Those of us over 40 grew up with the comedy team of Abbott and Costello. One night years ago on their radio show, Lou Costello was wearing a beautiful flower in his lapel. People kept complimenting him on his lapel flower, much to his delight. However, a neighbor named Scott came along, admired the flower, and then suddenly, without warning, he pulled Costello’s flower out of his lapel and put it on himself and walked away whistling. Well, that made Costello so mad. As the program unfolded, Costello got madder and madder at Scott for taking his flower. Finally, Lou Costello said to his partner Bud Abbot: “I’m ready for Scott now. Just let him try to take my flower out of my lapel now and see what he gets!” Bud Abbot asked: “What have you done, Lou?” Costello replied: “I have a hand grenade in my pocket and I have tied my lapel flower to the pin of that hand grenade. When Scott takes my flower this time, it’s gonna blow his hand clean off. That’ll teach him.”
Of course, what Lou Costello didn’t realize was that at the same time it would blow his heart right out! That’s the way hate works. When we lash out at others in hatred, we blow our own hearts out. Jesus knew that. That’s why he exposed hatred as a terrible and destructive enemy of real life. There is no question about it. Hate is a terrible prison to live in, but this Good News of Christmas is that Jesus Christ can set us free. Love came down at Christmas to hush the noise of strife and hatred, to bring good will toward all people, and to set us free from hatred.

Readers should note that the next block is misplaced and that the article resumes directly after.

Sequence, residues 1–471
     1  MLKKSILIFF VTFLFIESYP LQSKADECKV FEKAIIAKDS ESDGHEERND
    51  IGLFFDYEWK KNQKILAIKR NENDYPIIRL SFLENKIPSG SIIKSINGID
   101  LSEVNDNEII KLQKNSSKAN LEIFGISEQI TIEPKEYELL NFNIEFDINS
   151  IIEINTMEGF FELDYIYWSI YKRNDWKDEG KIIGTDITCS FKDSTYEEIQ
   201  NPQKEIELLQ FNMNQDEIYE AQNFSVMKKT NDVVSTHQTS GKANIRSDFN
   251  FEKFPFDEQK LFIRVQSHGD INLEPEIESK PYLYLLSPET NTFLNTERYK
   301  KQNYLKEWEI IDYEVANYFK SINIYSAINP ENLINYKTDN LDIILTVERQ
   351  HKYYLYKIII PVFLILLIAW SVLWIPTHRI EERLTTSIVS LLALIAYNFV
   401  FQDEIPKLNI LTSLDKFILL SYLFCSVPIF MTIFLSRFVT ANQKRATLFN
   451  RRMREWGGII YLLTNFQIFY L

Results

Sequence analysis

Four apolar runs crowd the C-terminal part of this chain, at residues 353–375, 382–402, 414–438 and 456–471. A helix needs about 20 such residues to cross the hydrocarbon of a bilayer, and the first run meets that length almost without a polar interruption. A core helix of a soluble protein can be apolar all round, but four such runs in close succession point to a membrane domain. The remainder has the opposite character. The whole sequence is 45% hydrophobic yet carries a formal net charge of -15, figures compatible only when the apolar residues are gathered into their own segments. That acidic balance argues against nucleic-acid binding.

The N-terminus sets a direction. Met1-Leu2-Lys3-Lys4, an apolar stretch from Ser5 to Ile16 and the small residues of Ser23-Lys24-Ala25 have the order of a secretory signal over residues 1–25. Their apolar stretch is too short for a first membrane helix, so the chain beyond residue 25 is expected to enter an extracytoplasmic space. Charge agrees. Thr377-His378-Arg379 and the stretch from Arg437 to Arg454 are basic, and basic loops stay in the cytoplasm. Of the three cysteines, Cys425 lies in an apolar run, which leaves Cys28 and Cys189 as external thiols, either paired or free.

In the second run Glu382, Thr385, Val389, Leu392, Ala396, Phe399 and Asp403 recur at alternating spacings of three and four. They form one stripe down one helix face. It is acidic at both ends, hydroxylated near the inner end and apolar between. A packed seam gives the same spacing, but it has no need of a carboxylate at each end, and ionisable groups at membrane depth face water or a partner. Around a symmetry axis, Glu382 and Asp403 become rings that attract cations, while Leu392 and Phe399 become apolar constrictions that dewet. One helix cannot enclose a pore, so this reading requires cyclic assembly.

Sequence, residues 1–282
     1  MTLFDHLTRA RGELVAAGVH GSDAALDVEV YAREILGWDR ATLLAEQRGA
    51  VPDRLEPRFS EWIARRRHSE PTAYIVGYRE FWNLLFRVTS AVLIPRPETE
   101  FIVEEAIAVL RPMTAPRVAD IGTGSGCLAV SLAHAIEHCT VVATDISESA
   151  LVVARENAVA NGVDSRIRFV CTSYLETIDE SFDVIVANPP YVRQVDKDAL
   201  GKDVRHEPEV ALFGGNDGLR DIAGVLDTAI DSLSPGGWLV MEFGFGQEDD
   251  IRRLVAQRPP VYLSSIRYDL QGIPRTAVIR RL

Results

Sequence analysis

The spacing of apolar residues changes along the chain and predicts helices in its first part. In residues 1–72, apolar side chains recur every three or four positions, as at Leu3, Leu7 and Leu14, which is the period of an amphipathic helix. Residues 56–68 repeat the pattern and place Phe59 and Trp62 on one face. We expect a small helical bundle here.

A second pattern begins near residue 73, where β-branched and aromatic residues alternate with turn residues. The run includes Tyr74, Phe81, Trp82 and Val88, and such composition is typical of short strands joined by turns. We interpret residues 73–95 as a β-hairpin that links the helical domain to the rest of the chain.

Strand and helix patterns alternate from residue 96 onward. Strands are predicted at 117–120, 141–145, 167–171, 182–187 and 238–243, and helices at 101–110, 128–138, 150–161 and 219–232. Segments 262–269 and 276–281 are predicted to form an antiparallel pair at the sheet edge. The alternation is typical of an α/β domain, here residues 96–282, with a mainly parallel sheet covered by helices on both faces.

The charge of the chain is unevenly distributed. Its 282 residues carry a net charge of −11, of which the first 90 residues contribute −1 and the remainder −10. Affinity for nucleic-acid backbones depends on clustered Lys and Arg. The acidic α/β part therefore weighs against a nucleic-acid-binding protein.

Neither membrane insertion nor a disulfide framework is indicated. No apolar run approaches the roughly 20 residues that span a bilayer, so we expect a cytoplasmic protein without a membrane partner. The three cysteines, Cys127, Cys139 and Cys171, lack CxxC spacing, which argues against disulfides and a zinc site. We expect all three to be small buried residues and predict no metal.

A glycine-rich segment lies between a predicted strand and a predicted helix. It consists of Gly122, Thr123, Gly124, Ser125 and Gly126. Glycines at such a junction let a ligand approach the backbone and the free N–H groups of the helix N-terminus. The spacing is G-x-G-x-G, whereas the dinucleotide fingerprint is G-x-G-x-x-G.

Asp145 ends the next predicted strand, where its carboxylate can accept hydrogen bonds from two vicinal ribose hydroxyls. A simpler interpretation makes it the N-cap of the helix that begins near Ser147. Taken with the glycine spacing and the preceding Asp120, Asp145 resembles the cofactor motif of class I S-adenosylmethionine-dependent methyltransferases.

Then, the love of the Christ-child can set us free from indifference.
We sing these words in the carol:
For lo, the days are hastening on, by prophet bards foretold,
When with the ever circling years comes round the age of gold;
When peace shall over all the earth its ancient splendor fling,
And the whole world give back the song which now the angels sing.
Jesus gave us a foretaste of that glorious “age of gold” when He said: “Go tell John what you hear and see. The blind receive their sight, the lame walk, the deaf hear, the lepers are cleansed, the dead are raised up and the poor have good news preached to them.” Jesus Christ came to show us how concerned God is, how much God cares, and how deeply God loves. Therefore, we cannot look at the problems in other people’s lives and at the problems in our world and say “I don’t care.” If God cares, so must we.